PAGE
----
Exploring the history of chocolate with Garcia Nevett
As part of our Intro to Chocolate we give a lecture on the history of chocolate. We like to keep updated on new findings and interesting historical facts, so when this article came up we just had to share it.
In the article, published in Atlas Obscura and written by Reina Gattuso, the author explores the relationship between chocolate, women and colonial society in Latin America. Gattuso writes "Chocolate was an everyday drink, as common then as a morning cup of coffee is today. But, (historian Martha) Few noticed, it often emerged in the records as a vehicle for women’s magic spells, and, in turn, for European anxieties about ruling a majority non-white population, filled with women who wouldn’t do what they were told."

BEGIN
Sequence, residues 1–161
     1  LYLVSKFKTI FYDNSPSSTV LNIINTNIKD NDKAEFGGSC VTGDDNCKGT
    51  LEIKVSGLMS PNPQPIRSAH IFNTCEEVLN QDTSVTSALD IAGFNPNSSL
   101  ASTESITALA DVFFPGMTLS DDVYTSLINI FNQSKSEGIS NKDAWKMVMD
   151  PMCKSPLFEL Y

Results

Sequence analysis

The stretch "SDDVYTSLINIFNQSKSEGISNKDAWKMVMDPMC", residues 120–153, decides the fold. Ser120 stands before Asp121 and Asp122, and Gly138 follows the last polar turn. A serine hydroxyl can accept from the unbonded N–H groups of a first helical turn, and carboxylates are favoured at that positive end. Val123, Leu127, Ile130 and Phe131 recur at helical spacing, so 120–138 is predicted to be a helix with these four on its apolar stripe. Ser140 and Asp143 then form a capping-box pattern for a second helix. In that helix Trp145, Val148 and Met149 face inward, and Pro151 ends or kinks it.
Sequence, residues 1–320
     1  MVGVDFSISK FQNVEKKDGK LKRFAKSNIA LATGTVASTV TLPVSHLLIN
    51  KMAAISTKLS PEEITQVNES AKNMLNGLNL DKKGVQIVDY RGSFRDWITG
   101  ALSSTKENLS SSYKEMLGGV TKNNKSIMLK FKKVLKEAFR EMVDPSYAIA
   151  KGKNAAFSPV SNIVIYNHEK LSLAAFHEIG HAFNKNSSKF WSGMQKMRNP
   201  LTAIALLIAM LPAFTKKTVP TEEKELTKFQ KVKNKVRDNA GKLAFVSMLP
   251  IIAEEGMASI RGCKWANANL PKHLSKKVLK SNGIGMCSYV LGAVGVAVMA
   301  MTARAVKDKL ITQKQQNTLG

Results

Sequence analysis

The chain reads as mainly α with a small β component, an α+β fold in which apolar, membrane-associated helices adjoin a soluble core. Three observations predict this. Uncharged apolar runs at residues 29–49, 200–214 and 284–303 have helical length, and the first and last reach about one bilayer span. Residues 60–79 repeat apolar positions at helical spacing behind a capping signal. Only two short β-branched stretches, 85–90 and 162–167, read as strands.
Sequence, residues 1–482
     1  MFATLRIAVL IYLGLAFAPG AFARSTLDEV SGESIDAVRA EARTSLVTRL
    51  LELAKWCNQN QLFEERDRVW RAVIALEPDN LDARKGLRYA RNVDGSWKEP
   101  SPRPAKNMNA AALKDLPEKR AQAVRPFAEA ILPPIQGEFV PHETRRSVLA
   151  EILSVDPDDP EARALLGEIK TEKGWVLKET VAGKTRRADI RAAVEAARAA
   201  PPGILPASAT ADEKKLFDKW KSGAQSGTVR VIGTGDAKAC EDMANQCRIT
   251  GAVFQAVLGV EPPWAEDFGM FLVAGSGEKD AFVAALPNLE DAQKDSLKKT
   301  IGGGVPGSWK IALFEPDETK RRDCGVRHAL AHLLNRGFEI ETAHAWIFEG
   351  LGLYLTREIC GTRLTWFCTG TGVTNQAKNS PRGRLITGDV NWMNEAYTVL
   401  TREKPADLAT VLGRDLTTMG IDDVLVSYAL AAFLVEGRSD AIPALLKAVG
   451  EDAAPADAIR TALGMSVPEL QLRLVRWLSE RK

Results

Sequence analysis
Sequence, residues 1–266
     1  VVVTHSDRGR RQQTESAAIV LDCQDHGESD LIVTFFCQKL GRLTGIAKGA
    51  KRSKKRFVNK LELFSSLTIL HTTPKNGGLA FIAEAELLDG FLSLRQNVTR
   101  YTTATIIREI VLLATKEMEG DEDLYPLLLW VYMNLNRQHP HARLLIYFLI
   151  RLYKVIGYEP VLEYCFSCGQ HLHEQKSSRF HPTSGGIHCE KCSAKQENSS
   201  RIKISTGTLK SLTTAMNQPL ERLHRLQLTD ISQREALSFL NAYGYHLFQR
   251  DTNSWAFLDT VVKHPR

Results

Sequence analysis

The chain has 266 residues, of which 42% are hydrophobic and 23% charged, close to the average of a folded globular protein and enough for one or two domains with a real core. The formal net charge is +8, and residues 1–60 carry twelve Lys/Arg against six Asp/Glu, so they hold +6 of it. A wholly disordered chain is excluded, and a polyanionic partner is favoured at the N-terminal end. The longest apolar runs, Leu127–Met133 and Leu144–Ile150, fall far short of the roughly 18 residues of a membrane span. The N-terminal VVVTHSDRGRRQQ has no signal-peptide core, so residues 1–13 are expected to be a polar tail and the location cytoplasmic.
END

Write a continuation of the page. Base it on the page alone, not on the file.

We have usually focused on the historical journey of cacao and chocolate, from its origin in South America and use by Native Americans as ritual drink and currency then to its arrival in Europe where it eventually gets transformed into chocolate bars. But there is a gap of between the moment in Latin America where cacao is king and the moment it becomes European chocolate. This article explains what was happening in Latin America during that time in an interesting way. Read the whole article here.